Silver rally unlikely to last, although long-term picture remains positive
Silver rebound looks unlikely to last, with the wider trend expected to kick in before long. However, the wider picture does provide some hope for the bulls
Silver rallies into four-month high
Precious metals have been on the front foot over the course of the past month, with risk-on sentiment helping to lift a sector that has switched from being a perceived haven to one that does well as markets push higher. That has been primarily driven by the fact that this crisis is inflation focused, thus bringing higher rates during an economic crisis. Hence money has primarily pushed into the dollar rather than the likes of gold and silver. However, that relationship between silver and inflation does signal the potential for another surge once we exit the other side of this crisis. The past two recessions have marked the beginning of a protracted bull run for silver, and that could easily be the case once again here. The dollar strength borne of higher interest rates does come into question once we see inflation drop to the degree that the Federal Reserve can turn the taps back on once again. That push to restart the economy once again will likely bring about a major decline for the dollar. Such a move would similarly bring about a push into precious metals.
Silver at risk of further weakness for now
There is a significant degree of risk that we see further downside for stocks as we move forward, with fears around sticky inflation, elevated rates, and a drawn-out recession bringing pressure for stocks. That similarly could put pressure on silver until we see a period where central banks start feeling confident enough to start thinking about cutting interest rates. The weekly chart highlights how the current rise is therefore something that could be short-term in nature. For now, we have trendline resistance coming into play at a historically significant zone of resistance between $21.66-21.43. Beyond there, we could start to see a wider retracement of the $26.95 selloff, with $23.36 to $24.73 coming into play if a protracted year-end rally in stocks takes hold. Nonetheless, near-term upside looks unlikely to last, with the full bull run likely to occur once the true Fed pivot comes into view.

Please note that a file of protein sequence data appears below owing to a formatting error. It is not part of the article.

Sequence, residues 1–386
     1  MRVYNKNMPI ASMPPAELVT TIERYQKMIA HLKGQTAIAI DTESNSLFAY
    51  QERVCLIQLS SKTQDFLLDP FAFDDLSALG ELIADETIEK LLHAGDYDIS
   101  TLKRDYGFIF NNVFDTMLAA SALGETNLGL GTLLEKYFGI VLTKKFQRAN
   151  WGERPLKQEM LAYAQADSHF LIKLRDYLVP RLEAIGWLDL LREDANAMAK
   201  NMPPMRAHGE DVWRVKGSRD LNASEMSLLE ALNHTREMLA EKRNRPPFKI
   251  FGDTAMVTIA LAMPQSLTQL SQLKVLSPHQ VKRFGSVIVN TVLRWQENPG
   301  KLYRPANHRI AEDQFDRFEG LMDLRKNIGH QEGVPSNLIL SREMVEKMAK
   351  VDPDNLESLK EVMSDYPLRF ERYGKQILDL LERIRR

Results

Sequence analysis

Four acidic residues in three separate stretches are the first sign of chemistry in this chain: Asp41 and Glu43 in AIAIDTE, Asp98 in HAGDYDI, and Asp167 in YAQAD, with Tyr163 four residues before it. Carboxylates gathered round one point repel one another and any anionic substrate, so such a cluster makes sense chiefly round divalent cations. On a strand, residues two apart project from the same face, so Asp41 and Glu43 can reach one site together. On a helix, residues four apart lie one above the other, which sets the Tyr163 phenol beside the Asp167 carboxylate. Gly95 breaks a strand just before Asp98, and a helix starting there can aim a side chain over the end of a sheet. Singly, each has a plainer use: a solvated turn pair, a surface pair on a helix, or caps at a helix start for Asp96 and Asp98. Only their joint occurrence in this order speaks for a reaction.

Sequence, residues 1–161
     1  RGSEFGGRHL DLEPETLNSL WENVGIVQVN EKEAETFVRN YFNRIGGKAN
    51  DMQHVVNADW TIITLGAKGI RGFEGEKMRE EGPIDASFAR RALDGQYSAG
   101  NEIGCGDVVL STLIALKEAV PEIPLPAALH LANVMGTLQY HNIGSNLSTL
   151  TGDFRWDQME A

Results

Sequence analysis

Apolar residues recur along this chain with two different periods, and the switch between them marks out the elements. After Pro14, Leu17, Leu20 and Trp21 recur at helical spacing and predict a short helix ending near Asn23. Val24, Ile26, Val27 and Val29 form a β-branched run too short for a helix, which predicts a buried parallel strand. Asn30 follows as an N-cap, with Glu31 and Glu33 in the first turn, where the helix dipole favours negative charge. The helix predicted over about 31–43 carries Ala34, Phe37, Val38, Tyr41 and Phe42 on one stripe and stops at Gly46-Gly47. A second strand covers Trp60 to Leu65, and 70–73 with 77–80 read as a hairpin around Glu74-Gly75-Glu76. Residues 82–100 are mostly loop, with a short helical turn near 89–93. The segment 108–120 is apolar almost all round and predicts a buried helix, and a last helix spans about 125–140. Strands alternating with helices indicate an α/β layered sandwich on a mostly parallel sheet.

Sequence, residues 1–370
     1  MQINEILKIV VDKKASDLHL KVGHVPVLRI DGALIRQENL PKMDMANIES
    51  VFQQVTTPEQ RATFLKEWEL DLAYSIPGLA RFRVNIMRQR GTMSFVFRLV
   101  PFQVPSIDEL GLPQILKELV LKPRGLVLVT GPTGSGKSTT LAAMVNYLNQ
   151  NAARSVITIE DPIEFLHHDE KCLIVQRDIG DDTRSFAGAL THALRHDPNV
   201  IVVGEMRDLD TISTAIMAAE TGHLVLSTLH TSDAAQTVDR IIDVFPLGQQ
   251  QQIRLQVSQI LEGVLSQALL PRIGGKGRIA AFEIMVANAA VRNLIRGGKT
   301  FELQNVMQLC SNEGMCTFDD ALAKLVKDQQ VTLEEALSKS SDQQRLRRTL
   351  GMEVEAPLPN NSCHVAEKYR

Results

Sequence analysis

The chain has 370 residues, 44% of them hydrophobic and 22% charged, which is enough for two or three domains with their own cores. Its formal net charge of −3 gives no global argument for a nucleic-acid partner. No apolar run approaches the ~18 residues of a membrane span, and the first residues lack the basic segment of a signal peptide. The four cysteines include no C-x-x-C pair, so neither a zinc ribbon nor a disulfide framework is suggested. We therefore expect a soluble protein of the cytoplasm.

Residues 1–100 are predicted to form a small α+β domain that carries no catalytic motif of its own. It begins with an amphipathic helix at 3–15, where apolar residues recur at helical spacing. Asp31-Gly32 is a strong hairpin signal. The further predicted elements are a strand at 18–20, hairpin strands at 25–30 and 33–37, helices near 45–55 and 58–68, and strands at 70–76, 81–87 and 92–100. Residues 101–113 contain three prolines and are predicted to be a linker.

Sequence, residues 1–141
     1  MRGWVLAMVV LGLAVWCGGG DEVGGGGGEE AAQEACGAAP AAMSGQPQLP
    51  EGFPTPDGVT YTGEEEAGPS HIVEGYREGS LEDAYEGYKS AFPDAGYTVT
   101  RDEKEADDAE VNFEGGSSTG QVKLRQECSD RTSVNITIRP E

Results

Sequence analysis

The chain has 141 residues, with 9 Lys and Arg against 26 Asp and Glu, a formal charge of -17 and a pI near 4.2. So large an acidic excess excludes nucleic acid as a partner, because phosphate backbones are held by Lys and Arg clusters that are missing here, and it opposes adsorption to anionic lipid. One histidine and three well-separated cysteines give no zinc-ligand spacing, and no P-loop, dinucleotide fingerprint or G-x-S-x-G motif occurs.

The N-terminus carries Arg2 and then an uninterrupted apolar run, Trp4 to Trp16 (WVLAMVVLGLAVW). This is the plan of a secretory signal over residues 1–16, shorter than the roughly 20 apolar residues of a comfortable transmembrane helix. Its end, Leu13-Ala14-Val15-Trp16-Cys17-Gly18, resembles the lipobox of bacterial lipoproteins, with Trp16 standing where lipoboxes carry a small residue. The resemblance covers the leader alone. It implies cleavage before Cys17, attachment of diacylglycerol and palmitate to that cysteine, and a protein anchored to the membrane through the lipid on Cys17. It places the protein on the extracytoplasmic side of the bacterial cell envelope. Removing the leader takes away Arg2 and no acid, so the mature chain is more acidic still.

The daily chart highlights how this recent rebound in silver has taken us into a crucial zone of resistance, with the 200-SMA and ascending trendline providing a major hurdle for the bulls. The overbought nature of the stochastic oscillator brings the potential for a sell signal once the line crosses back below the 80 threshold.
It is always worthwhile noting whether gold or silver is the better investment at any given point in time. That is best highlighted by the chart below, with the price of gold and silver overlayed by the silver/gold ratio. What we can clearly see is that silver outperforms at times where the market is moving higher, while gold outperforms at times of weakness for precious metals. This is somewhat intuitive given that we would expect to see greater volatility for silver over gold. As such, percentage returns will typically be greater for silver over gold.
With the silver price having turned into resistance, there is a good chance we see a fresh bout of weakness to come for this precious metal. However, those thinking from a longer-term perspective will note the potential for outperformance once we reach a point where inflation declines enough to allow central banks to start planning to ease policy in a bid to combat economic weakness. The monthly chart highlights that longer-term perspective, with the July 2020 spike through $21.13 bringing an end to the post-2011 bear market. That signals a strong chance that the declines seen over the past two-years are a pullback before the bulls come back into play. Quite whether this is the bottom is debateable given the fact that the bull market generally takes hold after the recession as seen in the first chart. In any case, the long-term perspective does look positive despite the chance for further near-term weakness if the dollar continues to strengthen.
There are no comments to display.
Create an account or sign in to comment
You need to be a member in order to leave a comment
Create an account
Sign up for a new account in our community. It's easy!Register a new account
Already have an account? Sign in here.Sign In Now